Are there any major differences in how the ACE and the CSS handles cookie-based stickyness based on the above listed configurations? From what I've read, the CSS looks for the cookie-value at each GET and forwards traffic based on the value in the cookie. Only when the cookie expires, will traffic be subjected to the LB-algorithm again. But how exactly does the ACE handles this? Does is look for the cookie value at each GET and match it to the corresponding entry in the sticky-database? Or is this method only applied, when persistence-rebalance is configured? If I manually delete the cookie in the browser, will that in any way affect how the ACE handles the subsequent GET or will it simply reuse the sticky parameters applied at the first GET, until the cookie expires and is removed from the sticky-database?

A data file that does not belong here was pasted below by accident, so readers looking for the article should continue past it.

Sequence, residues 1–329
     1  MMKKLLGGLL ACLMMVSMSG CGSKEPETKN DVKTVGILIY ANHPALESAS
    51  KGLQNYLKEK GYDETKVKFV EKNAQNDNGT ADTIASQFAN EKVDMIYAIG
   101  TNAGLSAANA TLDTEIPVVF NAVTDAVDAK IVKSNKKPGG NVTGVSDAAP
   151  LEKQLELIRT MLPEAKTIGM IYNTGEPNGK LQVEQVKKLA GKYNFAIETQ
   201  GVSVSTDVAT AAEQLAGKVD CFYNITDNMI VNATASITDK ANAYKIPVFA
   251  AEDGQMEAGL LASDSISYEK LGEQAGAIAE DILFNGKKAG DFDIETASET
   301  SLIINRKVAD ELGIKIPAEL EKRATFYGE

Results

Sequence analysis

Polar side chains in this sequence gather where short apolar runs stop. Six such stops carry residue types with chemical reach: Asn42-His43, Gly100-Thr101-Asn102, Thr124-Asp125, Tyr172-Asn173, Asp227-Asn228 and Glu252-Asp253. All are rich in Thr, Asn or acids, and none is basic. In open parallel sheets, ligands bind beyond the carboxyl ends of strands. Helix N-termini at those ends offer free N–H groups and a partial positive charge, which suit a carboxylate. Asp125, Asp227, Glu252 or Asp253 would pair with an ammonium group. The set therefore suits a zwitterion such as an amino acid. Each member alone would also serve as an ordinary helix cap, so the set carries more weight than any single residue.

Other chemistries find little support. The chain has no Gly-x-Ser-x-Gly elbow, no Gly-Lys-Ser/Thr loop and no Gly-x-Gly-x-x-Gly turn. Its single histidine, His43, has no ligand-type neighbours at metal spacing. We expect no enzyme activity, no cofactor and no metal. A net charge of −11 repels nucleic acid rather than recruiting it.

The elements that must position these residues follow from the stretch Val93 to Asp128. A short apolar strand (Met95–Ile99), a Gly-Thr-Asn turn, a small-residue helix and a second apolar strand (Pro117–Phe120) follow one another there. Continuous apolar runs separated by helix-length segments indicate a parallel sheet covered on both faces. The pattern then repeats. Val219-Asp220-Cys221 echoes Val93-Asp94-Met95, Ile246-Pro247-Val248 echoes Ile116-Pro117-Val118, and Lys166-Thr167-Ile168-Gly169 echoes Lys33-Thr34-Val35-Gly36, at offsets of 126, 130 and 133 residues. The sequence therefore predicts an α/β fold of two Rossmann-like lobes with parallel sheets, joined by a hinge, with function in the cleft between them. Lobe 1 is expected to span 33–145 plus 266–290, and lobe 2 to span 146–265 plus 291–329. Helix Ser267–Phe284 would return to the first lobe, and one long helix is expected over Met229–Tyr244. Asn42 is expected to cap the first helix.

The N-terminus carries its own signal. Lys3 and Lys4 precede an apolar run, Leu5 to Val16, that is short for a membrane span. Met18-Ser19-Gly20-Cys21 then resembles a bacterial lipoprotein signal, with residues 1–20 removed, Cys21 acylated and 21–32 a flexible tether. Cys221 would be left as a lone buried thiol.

I had a feeling that persistence-rebalance could be the answer. So, would it be safe to assume, that the 'advanced-balance arrowpoint-cookie' feature on CSS is in someway similar to persistence-rebalance, in that it looks for the cookie at each GET and re-loadbalances, if it fails to detect a cookie?
VMware Trunk Port Group is supported from ACI version 2.1
VMM integration must be configured properly
ASA device package must be uploaded to APIC
ASAv version must be compatible with ACI and device package version
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In this article I’m going to discuss on usin...
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